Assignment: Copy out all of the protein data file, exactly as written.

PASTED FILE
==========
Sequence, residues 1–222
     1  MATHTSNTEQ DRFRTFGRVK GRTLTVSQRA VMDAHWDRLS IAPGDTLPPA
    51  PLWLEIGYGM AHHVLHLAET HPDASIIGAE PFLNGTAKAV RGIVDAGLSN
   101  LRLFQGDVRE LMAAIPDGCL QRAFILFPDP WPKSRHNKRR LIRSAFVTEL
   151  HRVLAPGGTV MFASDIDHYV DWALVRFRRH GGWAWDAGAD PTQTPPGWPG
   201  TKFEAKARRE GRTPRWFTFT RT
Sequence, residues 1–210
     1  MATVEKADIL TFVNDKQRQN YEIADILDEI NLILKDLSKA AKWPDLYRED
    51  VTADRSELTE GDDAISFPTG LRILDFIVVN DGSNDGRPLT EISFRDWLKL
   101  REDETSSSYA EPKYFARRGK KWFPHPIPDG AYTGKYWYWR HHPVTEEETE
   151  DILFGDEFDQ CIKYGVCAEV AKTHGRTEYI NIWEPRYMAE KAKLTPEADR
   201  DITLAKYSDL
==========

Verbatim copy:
Sequence, residues 1–222
     1  MATHTSNTEQ DRFRTFGRVK GRTLTVSQRA VMDAHWDRLS IAPGDTLPPA
    51  PLWLEIGYGM AHHVLHLAET HPDASIIGAE PFLNGTAKAV RGIVDAGLSN
   101  LRLFQGDVRE LMAAIPDGCL QRAFILFPDP WPKSRHNKRR LIRSAFVTEL
   151  HRVLAPGGTV MFASDIDHYV DWALVRFRRH GGWAWDAGAD PTQTPPGWPG
   201  TKFEAKARRE GRTPRWFTFT RT
Sequence, residues 1–210
     1  MATVEKADIL TFVNDKQRQN YEIADILDEI NLILKDLSKA AKWPDLYRED
    51  VTADRSELTE GDDAISFPTG LRILDFIVVN DGSNDGRPLT EISFRDWLKL
   101  REDETSSSYA EPKYFARRGK KWFPHPIPDG AYTGKYWYWR HHPVTEEETE
   151  DILFGDEFDQ CIKYGVCAEV AKTHGRTEYI NIWEPRYMAE KAKLTPEADR
   201  DITLAKYSDL